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Expats find real estate deals are a way to add to Detroit By KIRK PINHO

The Detroit native who currently splits her time between Florida and Tennessee made her first real estate investment in the city, where she grew up on Atkinson Street.

Hers is a tale like those of many others who have attended the Detroit Homecoming event the last three years, and who are attending this year's event that starts Wednesday: One way to contribute to Detroit is investing their money in real estate development deals.

Today, the president and CEO of suburban Orlando-based venture capital firm The Dominion Asset Group's money is in four wildly different projects — and she expects more to follow.

For Sebastian, those deals are the DuCharme Place apartment project in Lafayette Park; the Assemble Sound music studio, which repurposed a former Corktown church; the redevelopment of the former Tiger Stadium site; and a real estate fund by Century Partners, which is redeveloping homes along the street where she was raised.

Teresa Sebastian

"They were projects that are really being catalysts and anchors for the turnaround of Detroit, so that was very important, and they are projects that spur some economic benefits to the community in terms of jobs and housing, and they were certainly viable because they are attractions for individuals," said Sebastian, who left Michigan in 2010 and returns this week for the fourth Detroit Homecoming.

She declined to reveal how much she invested.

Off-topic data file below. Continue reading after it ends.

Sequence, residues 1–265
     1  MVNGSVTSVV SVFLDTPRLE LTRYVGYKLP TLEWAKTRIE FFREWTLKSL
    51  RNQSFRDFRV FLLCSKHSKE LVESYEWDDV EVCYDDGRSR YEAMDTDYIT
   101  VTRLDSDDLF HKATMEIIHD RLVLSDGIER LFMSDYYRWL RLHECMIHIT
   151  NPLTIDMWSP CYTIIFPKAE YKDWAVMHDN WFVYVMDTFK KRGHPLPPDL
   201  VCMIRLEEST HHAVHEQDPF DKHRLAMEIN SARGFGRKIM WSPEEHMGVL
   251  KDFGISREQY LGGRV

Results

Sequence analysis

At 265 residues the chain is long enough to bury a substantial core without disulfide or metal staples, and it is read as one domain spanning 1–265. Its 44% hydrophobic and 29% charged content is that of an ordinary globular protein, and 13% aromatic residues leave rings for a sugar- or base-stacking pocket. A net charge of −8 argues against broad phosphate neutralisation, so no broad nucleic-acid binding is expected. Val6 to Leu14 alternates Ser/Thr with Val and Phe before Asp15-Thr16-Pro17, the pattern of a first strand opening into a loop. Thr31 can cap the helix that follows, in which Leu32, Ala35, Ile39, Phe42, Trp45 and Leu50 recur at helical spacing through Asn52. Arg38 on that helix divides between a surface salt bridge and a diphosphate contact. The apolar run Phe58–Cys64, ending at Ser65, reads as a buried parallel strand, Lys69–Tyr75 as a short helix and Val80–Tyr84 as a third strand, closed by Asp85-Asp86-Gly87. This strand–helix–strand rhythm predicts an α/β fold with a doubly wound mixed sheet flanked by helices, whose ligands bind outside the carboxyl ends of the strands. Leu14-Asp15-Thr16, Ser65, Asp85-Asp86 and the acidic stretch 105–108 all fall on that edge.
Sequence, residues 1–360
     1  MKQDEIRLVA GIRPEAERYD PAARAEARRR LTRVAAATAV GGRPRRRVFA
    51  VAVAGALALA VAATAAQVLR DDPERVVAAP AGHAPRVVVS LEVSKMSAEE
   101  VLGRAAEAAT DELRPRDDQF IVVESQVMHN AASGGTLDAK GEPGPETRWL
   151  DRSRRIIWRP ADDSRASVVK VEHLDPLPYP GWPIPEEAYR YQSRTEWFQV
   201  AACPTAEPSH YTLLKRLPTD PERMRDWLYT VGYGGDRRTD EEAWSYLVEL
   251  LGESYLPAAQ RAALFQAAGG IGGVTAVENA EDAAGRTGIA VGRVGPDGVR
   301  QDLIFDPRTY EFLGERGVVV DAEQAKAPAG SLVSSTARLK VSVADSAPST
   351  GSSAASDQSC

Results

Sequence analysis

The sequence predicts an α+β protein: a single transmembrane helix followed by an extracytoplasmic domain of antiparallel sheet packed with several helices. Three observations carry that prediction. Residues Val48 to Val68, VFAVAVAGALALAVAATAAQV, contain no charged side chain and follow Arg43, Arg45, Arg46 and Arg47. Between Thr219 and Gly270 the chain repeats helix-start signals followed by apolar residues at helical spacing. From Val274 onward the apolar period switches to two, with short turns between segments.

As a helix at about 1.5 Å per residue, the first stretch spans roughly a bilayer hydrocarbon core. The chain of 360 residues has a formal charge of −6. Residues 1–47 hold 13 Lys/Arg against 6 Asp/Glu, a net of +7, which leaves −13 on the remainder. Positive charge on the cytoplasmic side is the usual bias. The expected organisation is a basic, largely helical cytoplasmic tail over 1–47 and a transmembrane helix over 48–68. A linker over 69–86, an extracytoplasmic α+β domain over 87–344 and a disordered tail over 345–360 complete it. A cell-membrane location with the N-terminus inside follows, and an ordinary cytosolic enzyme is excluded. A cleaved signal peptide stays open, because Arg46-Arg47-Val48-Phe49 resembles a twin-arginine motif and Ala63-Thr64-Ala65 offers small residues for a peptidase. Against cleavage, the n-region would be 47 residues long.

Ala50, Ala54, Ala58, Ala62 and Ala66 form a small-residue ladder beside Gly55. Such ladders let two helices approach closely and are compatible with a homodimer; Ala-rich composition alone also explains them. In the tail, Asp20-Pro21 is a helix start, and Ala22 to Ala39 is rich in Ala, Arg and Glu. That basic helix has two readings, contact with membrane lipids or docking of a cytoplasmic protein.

Tess Mateo

Tess Mateo, who went to Troy Athens High School and the University of Michigan, said she has invested about $200,000 in over a dozen residential and commercial properties, plus vacant land, in the city since she attended Detroit Homecoming I in 2014. The managing director of CXCatalysts, Mateo said she was speaking with someone from Detroit-based Loveland Technologies Inc. that year when she heard about properties selling for $500 at the Wayne County tax-foreclosure auction.

"I'm from New York, so $500 is like a few dinners," she said with a laugh.

Since then, Mateo's contractors, Detroit-based Building Hugger and Corktown Maintenance, have provided jobs to dozens of unemployed and/or homeless people to renovate the properties, which are not only in the greater downtown area, but also neighborhoods like Warrendale and East English Village.

John Rhea

Others, like Detroit native John Rhea, have been more publicly active in downtown real estate. For example, he is planning a nearly 300-acre multifamily housing development in Brush Park with a mix of incomes and home styles, ranging from apartments to carriage houses and townhomes. He is also a member of the ownership team of the Fisher Building and Albert Kahn buildings in the New Center area, which were purchased in 2015 for $12.2 million.

The Fisher Building is undergoing a multimillion-dollar renovation; last month, the ownership group put the Kahn Building up for sale for an undisclosed price through the Royal Oak office of JLL.


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